Improve story’s pacing by deleting authorisms

Sometimes when writers just can’t think of what to put on the page, they resort to an inappropriate technique known as an authorism.

An authorism – coined by American writer Thomas M. Disch – occurs when the writer places his or her physical environment, mannerisms and prejudices into the story. For example, while thinking of how to pace a scene, the author pours herself a cup of coffee. In the story, the character then also pours a cup of coffee.

The problem with an authorism is that the character may have absolutely no reason to pour a cup of coffee as far as the story is concerned. She might, of course, be trying not to face a person who is talking to her and so turns away and uses the pouring of a cup of coffee as an excuse to avoid looking at him. Possibly the pouring of the cup of coffee is part of the description intended to show the reader that the character has just awakened.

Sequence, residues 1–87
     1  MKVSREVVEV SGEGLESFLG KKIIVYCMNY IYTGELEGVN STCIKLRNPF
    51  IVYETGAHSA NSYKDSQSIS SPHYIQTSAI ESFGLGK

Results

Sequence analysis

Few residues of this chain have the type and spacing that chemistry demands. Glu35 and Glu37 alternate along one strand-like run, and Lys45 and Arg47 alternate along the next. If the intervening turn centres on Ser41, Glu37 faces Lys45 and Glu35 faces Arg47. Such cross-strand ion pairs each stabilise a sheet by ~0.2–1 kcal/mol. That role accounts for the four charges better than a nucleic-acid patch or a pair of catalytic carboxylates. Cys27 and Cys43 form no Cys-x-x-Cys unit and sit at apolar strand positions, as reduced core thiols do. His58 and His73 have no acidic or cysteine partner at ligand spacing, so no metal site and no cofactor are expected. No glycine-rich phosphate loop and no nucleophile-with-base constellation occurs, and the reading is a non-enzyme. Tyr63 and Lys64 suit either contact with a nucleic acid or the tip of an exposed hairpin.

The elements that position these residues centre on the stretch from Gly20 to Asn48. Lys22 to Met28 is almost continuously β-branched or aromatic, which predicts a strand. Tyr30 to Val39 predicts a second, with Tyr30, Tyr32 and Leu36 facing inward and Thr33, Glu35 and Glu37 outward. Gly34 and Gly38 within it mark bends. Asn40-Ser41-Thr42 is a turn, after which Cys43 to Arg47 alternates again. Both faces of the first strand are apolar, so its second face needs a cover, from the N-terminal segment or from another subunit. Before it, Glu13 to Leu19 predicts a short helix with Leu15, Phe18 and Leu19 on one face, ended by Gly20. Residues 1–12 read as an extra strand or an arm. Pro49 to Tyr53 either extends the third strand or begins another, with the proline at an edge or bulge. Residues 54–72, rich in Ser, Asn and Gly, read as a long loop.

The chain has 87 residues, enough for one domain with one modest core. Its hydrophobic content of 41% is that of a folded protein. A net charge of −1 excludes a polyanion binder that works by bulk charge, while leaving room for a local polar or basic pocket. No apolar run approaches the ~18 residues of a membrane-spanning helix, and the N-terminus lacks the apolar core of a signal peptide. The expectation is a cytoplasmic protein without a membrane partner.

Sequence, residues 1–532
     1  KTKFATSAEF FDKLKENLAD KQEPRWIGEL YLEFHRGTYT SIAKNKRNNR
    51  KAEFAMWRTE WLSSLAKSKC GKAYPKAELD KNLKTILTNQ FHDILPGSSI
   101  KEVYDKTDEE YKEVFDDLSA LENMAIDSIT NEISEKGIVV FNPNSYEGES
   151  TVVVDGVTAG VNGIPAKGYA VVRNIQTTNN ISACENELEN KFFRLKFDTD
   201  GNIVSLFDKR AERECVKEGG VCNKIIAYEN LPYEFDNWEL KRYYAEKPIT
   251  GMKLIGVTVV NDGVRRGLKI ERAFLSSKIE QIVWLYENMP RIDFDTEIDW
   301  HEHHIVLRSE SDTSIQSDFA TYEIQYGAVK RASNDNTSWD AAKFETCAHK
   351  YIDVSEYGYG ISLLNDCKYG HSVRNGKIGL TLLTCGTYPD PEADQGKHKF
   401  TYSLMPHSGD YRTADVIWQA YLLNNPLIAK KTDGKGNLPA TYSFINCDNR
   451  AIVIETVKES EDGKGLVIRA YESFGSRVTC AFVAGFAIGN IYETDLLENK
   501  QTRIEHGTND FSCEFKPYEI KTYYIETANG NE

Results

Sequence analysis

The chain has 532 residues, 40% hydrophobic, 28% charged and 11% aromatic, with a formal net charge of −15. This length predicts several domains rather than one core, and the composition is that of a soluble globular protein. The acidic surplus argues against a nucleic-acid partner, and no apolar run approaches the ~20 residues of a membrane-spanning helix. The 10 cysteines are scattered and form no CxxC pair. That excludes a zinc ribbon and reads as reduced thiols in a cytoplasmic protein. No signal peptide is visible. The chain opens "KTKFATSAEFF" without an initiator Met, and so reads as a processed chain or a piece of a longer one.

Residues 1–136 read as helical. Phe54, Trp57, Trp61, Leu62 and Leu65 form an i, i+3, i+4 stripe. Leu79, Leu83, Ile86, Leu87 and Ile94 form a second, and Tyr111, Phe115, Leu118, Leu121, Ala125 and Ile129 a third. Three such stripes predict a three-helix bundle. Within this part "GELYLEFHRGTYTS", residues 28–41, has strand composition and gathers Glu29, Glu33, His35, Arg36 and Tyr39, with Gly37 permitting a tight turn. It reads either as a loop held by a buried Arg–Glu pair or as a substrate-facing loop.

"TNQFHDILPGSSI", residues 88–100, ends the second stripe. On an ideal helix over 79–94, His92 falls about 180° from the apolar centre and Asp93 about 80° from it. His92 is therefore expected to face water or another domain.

But where an authorism is concerned, there’s no point to the action.

You want to excise all wordage that serves no use in a story. Including it only slows the piece and drains it of its vitality.

You may get lucky in that an authorism is not always apparent to readers. But they will sense the poor pacing and think less of the story for it.

A reader may just give up on the story, though, if the authorism is extremely obtrusive. For example, the character starts a scene by staring at a blank wall (a metaphor for staring at a blank page) or even worse complains that they don’t know what to do (a metaphor for the author not knowing what to write).